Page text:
As COVID-19 prompts many homes, businesses and institutions to close their doors, social agencies are worried a quiet crisis is forming for at-risk children who depend on community support for food, shelter and safety.
Local agencies are working proactively to provide resources, information, counseling and supplies to families who may need them. But with social distancing and the COVID-19 pandemic poised to stretch on for weeks, officials are concerned they may see more kids at risk for abuse and neglect, and more kids without loving homes to call their own.
“We know that 75% of the children that are in the foster care system today are there because of neglect, and we feel like a lot of that neglect is a product of fixable family issues: things like untreated mental health challenges, lack of parental support or role models, lack of access to medical care, affordable groceries, childcare, whatever the issues may be,” said Lindsey Cannon, Children’s Home Society’s executive director for the Pensacola region. “We know right now that families are struggling to meet basic needs, and we know, going forward, they’re going to need support more than ever, especially in the crisis that we’re in.”
Children’s Home Society is a nonprofit organization focused on child welfare. It provides an array of services that include early childhood programs, counseling, community partnership schools and foster care and adoption services.
“For Children’s Home Society, one of the things that we’re looking at in the coming weeks is we expect cases of child abuse and neglect to go up, as COVID-19 forces people to stay off work, resulting in isolation, stress, economic hardship and inadequate child supervision for families that have to leave to maintain a job,” Cannon said.
Stacey Kostevicki, executive director of the Gulf Coast Kid’s House, echoed the concerns that the potential for abuse and neglect could increase. She added the risk is exacerbated because physical isolation practices that prevent the spread of COVID-19 also keep kids out of schools, sports and other public places where outside eyes can check on them.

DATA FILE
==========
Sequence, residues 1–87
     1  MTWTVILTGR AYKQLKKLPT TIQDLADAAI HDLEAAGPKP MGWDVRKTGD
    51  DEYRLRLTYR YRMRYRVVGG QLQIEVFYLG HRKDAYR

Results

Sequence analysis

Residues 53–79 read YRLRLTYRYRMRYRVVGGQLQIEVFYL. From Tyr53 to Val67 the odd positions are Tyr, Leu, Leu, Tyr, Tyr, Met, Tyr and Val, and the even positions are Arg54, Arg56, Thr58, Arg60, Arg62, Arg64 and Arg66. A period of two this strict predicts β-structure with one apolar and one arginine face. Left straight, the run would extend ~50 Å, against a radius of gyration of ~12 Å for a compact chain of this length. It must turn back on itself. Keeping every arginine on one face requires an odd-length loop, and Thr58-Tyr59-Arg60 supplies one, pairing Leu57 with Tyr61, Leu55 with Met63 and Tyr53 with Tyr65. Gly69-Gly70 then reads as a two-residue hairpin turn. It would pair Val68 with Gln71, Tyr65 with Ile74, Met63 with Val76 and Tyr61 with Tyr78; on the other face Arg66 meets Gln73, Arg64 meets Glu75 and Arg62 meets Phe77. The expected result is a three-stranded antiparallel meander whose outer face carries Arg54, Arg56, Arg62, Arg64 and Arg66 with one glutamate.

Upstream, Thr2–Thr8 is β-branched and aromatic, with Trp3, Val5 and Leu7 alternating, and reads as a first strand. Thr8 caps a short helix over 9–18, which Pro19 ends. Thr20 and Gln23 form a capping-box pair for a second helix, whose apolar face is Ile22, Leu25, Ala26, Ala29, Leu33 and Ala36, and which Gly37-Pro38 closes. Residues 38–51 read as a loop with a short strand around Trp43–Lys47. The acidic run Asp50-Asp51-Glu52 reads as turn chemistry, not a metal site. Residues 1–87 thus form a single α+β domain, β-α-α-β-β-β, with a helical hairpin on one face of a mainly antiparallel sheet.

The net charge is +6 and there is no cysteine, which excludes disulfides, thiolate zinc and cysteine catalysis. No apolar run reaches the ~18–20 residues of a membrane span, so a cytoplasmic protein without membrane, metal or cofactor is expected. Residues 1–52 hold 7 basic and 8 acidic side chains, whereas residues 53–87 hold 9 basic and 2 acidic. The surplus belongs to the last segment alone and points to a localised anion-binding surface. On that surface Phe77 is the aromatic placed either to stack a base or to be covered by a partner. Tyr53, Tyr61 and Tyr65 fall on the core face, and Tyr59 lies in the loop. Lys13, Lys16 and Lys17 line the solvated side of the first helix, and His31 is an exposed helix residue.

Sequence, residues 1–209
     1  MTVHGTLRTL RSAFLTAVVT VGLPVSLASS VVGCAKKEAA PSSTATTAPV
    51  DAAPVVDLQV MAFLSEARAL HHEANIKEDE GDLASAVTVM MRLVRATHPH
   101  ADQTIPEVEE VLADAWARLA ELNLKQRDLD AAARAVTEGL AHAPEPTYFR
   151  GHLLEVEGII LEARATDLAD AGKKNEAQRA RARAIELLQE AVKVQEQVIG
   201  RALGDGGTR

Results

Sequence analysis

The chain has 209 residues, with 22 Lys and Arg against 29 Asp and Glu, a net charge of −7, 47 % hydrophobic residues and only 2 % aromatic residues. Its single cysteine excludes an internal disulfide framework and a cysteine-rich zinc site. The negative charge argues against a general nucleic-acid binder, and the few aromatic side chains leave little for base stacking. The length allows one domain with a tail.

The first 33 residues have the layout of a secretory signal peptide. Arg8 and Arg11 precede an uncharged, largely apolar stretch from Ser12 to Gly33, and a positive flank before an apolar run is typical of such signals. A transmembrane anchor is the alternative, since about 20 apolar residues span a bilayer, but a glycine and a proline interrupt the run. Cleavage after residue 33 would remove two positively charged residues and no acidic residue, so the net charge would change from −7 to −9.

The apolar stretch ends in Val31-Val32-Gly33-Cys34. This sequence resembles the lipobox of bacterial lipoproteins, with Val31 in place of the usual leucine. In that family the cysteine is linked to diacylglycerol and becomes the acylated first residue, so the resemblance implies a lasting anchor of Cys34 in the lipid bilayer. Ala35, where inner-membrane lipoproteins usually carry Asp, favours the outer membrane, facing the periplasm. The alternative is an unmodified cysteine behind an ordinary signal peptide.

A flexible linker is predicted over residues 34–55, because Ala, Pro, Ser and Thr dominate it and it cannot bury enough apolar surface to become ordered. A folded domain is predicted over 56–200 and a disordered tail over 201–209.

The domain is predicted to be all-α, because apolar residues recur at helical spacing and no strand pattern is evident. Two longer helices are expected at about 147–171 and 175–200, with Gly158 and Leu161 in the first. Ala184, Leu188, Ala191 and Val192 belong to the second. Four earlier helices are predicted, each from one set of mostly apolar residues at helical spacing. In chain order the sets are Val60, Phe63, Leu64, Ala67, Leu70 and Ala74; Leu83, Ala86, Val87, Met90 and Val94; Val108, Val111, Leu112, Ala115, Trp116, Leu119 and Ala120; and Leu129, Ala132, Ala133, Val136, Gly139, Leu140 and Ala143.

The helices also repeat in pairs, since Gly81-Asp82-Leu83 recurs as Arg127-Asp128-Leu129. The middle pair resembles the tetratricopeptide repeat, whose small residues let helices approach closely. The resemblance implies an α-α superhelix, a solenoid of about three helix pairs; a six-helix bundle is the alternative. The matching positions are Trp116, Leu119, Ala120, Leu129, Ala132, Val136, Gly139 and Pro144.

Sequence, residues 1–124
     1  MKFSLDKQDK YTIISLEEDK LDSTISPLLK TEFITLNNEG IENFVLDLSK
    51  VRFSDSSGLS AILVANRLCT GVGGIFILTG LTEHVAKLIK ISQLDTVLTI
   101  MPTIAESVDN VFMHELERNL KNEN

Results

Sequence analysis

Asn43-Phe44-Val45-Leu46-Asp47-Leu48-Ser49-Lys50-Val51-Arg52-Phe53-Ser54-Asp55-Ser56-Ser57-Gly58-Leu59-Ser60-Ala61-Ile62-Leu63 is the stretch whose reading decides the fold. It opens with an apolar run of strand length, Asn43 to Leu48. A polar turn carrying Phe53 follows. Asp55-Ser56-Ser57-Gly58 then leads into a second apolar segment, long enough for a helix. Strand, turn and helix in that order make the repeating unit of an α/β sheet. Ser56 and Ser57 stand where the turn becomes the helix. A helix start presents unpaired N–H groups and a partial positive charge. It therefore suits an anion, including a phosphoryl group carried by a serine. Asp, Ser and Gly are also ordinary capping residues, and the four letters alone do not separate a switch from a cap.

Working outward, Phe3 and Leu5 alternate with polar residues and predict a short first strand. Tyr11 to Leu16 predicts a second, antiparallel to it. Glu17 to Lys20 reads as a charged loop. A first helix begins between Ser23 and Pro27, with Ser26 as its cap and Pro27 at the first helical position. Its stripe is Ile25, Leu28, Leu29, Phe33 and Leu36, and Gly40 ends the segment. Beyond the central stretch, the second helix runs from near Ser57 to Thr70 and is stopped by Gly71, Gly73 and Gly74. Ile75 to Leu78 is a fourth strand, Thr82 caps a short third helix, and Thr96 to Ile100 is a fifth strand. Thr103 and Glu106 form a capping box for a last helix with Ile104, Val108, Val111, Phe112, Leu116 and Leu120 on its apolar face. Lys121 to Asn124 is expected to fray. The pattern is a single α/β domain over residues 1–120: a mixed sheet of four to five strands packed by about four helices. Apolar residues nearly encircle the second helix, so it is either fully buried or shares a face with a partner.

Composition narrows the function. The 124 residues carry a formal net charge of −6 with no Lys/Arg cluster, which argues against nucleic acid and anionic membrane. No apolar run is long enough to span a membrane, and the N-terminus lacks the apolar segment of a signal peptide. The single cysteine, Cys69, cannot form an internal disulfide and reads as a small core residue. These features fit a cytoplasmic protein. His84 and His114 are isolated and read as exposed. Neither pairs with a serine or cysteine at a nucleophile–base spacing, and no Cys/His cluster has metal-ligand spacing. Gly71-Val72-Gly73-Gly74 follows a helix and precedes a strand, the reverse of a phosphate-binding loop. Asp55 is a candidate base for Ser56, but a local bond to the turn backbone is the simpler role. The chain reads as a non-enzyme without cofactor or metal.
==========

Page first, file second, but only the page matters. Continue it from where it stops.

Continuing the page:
“We do expect that (COVID-19) is going to increase child abuse reports in the long run, but what we’re seeing right now is actually less reporting, because the kids aren’t visible,” Kostevicki said. “I think in addition to physical abuse going up, we’re going to get increasing sexual abuse, even just among other kids, because the biggest predictor of sexual abuse is access.”
That access could come from boyfriends, relatives or others being at alone at home with children all day, or from working parents desperately turning to friends and acquaintances for emergency day care while school is out.
Kostevicki said the Gulf Coast Kid’s House — a one-stop shop that facilitates investigations, counseling and other services related to abuse and neglect — is using the current down time to develop protocols for how to process these victims when they come in while also minimizing staff and families’ risk of COVID-19 exposure. Staff is already doing a lot more work by phone, asking screening questions about symptoms and travel, limiting people’s access to their facilities and encouraging field teams to do field teams interviews virtually or outside of homes.
Cannon said Children’s Home Society is also adapting its policies and practices, but that they were also increasing public outreach to stay in touch with families who may not have internet access.
On Thursday morning, a team of volunteers in gloves and face masks walked neighborhoods handing out packets of information on food distribution sites and other community resources.
Bobbi Grimsley, a recent Pensacola transplant who was laid off her retail job because of COVID-19, said her stepson was supposed to spend the summer with her and her husband. They were forced to send him home because they weren’t sure they could support him. CHS staff referred her to 211 for a list of organizations that may be able to help, and spoke with her about other families in the neighborhood with children that CHS should reach out to.
Helping match families with programs that can help alleviate stress in the household is one way of staying ahead of the expected increase in abuse.
In homes where stressors could cause a risk of abuse, “We have Healthy Families and Healthy Start coaches that guide parents, help manage their stress and provide a safe outlet to express fears and frustrations. … We have teams that can go in and work with those families long-term to keep that family intact so that their children don’t have to come into the foster care system,” Cannon said.
The organization’s website chsfl.org has a variety of resources and referral forms for supportive services of all types all throughout the community. It also has a donation page for people who want to support CHS in its mission.
“I’ll say our ultimate plea to our community is if you are person who is feeling overwhelmed, if you’re feeling helpless, if you’re feeling scared, if you’re in need of services, you’re not alone. Please contact us,” Cannon said.
If your family needs help, call 211 to be connected to resources. You can also visit chsfl.org for more resources.
Originally posted by: Pensacola News Journal